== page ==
The global phenomenon of antimicrobial resistance threatens to undo a century of medical progress, the World Health Organization (WHO) warned on Friday (November 20th).
Antimicrobial resistance occurs when bacteria, viruses, fungi and parasites resist the effects of drugs, including antibiotics, making common infections more difficult to treat and increasing the risk of spreading diseases, severe forms of the disease. infections and death.
On the occasion of the world week “for the good use of antimicrobials” (from November 18 to 24), WHO, in collaboration with the Food and Agriculture Organization (FAO, UN agency ) and the World Organization for Animal Health (OIE), on Friday launched a high-level group “Charged with combating the accelerating crisis of drug resistance”. Its two co-chairs are the Prime Minister of Bangladesh, Sheikh Hasina, and her counterpart from Barbados, Mia Mottley. This group will bring together heads of state, ministers and heads of businesses and civil society organizations.
As dangerous as a pandemic
“Antimicrobial resistance may not seem as urgent as a pandemic, but it is just as dangerous”, WHO chief Tedros Adhanom Ghebreyesus told a press conference.
Antimicrobial resistance is “One of the greatest health threats of our time” and “Threatens to undo a century of medical progress and leave us defenseless against infections that today can be easily treated”, he warned.
About 700,000 people die each year from this resistance, and, “Without strong action to ensure appropriate use of existing antibiotics, as well as new and better treatments, this number could rise to 10 million by 2050”, according to the International Federation of the Pharmaceutical Industry (IFPMA).
“Antimicrobial resistance is a looming global crisis that could eclipse Covid-19 in terms of death tolls and economic costs”, warned IFPMA director general Thomas Cueni, welcoming the creation of the working group.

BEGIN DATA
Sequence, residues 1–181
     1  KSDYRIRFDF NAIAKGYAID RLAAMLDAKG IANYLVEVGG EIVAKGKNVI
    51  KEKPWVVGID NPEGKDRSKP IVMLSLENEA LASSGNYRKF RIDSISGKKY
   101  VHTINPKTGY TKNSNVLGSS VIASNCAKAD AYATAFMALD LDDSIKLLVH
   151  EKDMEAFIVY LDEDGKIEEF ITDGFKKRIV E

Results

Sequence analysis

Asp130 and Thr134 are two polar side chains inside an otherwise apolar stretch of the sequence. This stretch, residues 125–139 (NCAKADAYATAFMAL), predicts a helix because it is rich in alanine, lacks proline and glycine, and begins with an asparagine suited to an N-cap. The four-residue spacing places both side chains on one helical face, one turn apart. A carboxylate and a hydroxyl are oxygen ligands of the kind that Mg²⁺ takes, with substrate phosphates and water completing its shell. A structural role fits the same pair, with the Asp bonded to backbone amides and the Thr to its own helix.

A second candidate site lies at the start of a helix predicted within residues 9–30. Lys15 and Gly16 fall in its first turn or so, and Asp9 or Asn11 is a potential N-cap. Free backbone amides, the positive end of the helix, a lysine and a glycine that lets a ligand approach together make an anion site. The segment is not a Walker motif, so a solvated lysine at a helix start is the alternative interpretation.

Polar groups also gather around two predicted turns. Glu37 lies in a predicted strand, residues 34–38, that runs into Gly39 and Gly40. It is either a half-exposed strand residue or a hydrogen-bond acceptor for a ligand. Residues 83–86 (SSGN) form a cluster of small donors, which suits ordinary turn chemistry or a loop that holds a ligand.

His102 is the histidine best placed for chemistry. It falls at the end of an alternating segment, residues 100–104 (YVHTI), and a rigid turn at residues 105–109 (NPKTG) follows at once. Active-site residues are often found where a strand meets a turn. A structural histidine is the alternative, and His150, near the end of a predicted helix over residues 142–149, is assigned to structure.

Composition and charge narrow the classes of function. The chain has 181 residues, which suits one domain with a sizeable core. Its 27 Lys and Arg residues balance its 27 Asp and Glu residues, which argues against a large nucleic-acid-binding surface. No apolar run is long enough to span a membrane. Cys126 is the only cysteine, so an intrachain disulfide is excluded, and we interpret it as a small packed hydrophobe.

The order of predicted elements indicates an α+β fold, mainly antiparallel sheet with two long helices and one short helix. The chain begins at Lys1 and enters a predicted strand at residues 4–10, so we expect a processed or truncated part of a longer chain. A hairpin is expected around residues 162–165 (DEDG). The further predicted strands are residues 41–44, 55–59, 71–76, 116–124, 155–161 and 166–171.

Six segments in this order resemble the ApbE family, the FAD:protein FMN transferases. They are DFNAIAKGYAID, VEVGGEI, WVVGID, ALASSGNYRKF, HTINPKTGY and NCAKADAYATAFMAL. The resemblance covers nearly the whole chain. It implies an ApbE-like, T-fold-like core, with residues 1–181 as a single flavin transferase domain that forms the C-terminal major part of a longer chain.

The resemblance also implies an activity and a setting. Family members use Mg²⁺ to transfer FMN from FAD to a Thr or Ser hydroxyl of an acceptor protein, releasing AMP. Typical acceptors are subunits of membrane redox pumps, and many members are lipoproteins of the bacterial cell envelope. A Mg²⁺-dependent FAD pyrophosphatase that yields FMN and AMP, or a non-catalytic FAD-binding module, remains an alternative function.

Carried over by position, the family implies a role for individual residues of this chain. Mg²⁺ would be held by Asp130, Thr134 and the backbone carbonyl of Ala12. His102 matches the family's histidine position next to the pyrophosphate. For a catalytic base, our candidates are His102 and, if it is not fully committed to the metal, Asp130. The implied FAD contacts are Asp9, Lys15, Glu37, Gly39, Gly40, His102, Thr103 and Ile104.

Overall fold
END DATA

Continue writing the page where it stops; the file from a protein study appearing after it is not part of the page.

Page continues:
Excessive use of drugs
Antimicrobials are essential weapons in the fight against disease in humans, animals and plants. They include antibiotics, antivirals, antifungals, and antiparasitics.
Multiple factors – including the overuse of drugs in humans, livestock and agriculture, as well as lack of access to safe drinking water, sanitation and hygiene – have resulted in magnified the threat posed by antimicrobial resistance worldwide, says WHO.
“While antibiotics are key, antimicrobial resistance also includes resistance to drugs against HIV, malaria, neglected tropical diseases, and others.”, stressed Mr. Tedros.
He also lamented that while nearly 90% of countries have national action plans to address antimicrobial resistance, only 20% have found funding to implement them. To counter this antimicrobial resistance, WHO has called in recent years for the development of new antibiotics, but the process is complicated and expensive.